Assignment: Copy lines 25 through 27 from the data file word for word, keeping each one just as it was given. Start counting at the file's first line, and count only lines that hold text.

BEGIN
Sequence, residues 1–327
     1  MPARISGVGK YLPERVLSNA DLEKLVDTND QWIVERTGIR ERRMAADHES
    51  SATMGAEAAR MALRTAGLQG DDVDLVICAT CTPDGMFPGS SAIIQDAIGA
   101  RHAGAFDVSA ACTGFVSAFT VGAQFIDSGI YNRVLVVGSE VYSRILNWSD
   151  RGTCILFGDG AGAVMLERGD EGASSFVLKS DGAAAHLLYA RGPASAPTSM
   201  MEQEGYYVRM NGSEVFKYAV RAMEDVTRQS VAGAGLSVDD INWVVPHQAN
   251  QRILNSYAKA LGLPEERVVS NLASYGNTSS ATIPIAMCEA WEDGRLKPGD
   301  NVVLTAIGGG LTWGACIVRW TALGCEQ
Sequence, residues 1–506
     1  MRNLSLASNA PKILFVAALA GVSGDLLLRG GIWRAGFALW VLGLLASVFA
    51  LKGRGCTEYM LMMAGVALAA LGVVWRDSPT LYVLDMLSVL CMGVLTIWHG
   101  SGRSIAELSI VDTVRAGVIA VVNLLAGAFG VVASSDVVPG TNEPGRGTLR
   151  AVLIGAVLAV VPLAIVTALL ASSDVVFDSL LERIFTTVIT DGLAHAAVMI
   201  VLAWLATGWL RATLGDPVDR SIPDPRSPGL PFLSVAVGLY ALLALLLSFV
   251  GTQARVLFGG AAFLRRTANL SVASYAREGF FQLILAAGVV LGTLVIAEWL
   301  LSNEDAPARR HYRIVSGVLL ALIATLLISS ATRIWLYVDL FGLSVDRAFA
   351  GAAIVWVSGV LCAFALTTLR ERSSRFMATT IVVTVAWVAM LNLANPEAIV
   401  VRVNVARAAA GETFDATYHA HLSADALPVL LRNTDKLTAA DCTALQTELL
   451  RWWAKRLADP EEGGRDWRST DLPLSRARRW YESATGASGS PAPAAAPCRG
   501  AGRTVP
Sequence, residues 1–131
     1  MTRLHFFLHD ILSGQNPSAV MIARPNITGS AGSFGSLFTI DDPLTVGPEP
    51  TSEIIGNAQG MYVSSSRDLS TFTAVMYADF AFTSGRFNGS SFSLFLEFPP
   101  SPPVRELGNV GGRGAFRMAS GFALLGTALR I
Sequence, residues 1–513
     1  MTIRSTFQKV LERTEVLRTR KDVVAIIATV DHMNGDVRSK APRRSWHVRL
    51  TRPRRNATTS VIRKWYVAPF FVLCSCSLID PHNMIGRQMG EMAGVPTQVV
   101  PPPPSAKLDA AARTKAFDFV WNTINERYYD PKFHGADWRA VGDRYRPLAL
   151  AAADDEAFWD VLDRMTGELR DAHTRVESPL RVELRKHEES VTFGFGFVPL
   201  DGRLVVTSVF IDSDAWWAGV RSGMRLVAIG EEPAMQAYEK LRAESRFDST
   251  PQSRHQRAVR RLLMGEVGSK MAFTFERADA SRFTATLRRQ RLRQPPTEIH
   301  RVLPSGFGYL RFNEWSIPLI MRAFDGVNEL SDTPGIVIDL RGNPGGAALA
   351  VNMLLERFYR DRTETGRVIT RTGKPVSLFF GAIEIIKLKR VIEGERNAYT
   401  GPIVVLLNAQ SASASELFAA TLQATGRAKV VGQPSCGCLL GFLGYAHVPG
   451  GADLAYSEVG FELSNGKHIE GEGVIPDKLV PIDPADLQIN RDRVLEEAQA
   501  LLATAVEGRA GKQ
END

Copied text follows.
Sequence, residues 1–513
     1  MTIRSTFQKV LERTEVLRTR KDVVAIIATV DHMNGDVRSK APRRSWHVRL
    51  TRPRRNATTS VIRKWYVAPF FVLCSCSLID PHNMIGRQMG EMAGVPTQVV